Terence Winter talks Mob Molls with Joanna Langfield
Terence Winter is no stranger to strong women. The son of a Brooklyn widow, this auto mechanic, turned lawyer, turned multi-Emmy winning writer, producer and director, is also responsible in part for Xena: Warrior Princess, and Sister, Sister. He also created (and yes, in one case killed off) Dr. Melfi, Adriana, and Carmela on the Sopranos. Ironically, in Brooklyn Rules, his latest theatrical release, it is Ellen, a slim but pivotal role played by Mena Suvari, who keeps his alter-ego character from becoming a mobster in the first place.
Yes, Brooklyn Rules is semi-autobiographical, Winter readily acknowledges. And, like Freddie Prinze Jrs Michael, he, too, conned his way into a prestigious New York University pre-law program, wanting a better future, but not wanting to leave his buddies behind.
Now,at his LA home, enjoying the hubbub of his and his girlfriends brand new baby boy, Terry admits he learned a lot growing up on the colorful streets of Brooklyns Marine Park neighborhood. But, he insists, only by osmosis. You stand around on the streets there, you pick up things.
While he is enormously proud to also witness the screen-birth of his long-in-the-making independent film (Winters script, written in 1999, had been attached to several big names, including Johnny Depp and Griffin Dunne before finally winding up in the hands of director Michael Corrente and City Lights Pictures), he is, simultaneously wrapping his most notorious project, HBOs, The Sopranos.
Clearly, this is a bittersweet time both for those whove created the series and those of us who love it. And, no, Winter wouldnt spill the beans about the much anticipated final episode, except to say David Chase is writing, directing and doing a great job, cognizant of the fact that they all have a big responsibility to end it right.”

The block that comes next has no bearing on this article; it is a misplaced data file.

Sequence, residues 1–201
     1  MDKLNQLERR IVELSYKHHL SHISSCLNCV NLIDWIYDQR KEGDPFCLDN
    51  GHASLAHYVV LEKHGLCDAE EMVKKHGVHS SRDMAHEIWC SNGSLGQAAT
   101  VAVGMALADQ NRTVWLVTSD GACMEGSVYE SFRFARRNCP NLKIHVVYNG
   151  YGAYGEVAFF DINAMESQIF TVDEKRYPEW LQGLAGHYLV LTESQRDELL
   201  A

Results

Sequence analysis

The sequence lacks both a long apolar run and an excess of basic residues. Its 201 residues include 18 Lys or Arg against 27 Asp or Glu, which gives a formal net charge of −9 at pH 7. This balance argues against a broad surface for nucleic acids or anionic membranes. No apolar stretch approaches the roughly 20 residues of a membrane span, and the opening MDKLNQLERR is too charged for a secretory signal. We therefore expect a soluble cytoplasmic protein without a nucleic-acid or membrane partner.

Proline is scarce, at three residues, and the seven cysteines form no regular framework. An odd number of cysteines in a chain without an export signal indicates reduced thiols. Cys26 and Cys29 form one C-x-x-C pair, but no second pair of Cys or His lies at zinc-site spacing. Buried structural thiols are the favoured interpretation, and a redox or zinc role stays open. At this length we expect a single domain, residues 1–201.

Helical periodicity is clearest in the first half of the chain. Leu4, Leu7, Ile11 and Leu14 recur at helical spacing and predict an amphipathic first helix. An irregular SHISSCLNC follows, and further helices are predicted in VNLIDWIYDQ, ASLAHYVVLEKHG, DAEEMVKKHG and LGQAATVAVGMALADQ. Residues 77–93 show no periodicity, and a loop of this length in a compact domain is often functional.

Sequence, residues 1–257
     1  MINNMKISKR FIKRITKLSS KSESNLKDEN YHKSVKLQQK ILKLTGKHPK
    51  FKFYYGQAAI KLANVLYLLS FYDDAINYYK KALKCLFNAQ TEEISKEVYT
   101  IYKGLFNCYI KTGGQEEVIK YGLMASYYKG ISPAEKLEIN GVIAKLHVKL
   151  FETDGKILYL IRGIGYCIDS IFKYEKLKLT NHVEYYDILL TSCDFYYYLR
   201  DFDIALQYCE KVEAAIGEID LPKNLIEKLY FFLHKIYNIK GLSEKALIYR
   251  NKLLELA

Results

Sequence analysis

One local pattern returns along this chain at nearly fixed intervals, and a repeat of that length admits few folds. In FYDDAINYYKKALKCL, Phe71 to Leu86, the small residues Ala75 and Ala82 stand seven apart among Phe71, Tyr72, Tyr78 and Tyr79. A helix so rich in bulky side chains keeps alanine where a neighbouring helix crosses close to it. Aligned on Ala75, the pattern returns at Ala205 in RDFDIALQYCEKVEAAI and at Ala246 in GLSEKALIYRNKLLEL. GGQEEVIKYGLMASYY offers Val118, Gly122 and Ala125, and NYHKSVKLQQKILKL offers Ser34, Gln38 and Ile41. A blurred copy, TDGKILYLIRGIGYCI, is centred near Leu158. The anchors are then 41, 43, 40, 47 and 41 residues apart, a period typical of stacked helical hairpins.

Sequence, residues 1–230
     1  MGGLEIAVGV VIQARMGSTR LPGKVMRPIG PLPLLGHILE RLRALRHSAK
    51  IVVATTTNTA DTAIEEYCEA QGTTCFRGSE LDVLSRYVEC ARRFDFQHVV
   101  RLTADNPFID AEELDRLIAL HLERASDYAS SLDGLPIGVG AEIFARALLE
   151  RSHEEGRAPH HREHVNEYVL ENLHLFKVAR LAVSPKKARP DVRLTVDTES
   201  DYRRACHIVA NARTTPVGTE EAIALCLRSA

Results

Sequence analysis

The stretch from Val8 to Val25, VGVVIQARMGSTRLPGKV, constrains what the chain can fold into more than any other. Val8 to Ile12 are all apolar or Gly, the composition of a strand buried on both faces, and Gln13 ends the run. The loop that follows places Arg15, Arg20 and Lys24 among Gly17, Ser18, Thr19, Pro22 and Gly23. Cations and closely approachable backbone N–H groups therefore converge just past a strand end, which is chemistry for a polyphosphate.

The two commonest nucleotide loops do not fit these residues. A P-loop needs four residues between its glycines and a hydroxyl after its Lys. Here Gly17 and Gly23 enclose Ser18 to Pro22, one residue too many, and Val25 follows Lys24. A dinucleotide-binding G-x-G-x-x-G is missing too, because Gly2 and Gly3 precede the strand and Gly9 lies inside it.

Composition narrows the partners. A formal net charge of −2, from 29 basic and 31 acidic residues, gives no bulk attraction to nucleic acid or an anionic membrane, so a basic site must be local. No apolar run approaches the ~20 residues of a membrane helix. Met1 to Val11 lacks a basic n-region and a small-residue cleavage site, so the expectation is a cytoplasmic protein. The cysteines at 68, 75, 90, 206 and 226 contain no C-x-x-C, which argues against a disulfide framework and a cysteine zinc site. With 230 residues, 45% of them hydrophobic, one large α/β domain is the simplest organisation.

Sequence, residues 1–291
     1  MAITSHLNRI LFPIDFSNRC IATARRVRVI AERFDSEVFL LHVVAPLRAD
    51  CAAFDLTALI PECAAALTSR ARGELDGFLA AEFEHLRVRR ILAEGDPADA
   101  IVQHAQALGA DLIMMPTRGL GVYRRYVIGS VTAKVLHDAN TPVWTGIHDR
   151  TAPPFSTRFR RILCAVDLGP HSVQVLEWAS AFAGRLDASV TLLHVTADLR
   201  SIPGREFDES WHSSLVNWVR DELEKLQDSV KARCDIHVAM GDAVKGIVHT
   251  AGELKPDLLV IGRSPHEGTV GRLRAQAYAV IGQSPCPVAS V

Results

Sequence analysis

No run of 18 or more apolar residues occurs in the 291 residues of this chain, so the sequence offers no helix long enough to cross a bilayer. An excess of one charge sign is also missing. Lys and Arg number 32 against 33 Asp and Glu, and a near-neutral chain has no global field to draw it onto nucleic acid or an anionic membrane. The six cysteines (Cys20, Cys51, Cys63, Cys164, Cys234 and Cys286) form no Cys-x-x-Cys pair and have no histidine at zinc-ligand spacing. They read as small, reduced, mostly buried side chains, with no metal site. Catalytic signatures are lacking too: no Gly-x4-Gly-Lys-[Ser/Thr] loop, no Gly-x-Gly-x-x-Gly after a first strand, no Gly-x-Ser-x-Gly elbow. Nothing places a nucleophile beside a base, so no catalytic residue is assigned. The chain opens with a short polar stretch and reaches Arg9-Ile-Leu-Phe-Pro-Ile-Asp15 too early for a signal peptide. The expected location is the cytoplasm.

Some of us cant resist the interpersonal dramas of Tony and his peeps, yet, Terry notes, it makes him and his fellow executive producers crazy when fans complain nothing happened if no one gets wacked in an episode. Apparently, if you want violence, Winters your guy. You name the act of violence, Ive written it, he laughs ruefully. How does the writer live with his poison pen? Its not easy.
When Paulie killed the stripper, that got to me. You take yourself to an ugly place, write it and let it go. Except, it seems, when it came to killing off one of the shows most beloved characters, Adriana.
We made a promise amongst ourselves at the beginning of the show that we would never keep a character alive because we liked the actor. And I love Drea (de Matteo). And there was only one option what to do with her. And then, I just didnt want to see it. So I found myself writing her, crawling out of camera range when she gets shot. So now, all sorts of people say all sorts of stuff about her being alive, she didnt get shot, when I just wrote that she gets shot off camera because I didnt want to see it!
When I commented on the remarkable depth to the creation of many of the Soprano female characters, Terry offered an insider view of their deals with the devil.” Adriana, of course, was intentionally perceived as glamorous, but even the theoretical voice of reason, Dr. Melfi, has mixed feelings about Tony and what he offers her. Remember, she tells him, if you commit a crime, I should report it to the police. Technically. And then theres Carmela, the bosss wife, who pays lip service to her horror, but never really leaves. She went through all that stuff with the religion, but she can be bought off easily.
These women have to be tough, I say.
They have to be tougher to walk away, Winter responds, summing up exactly what makes these women as compelling as the men they love.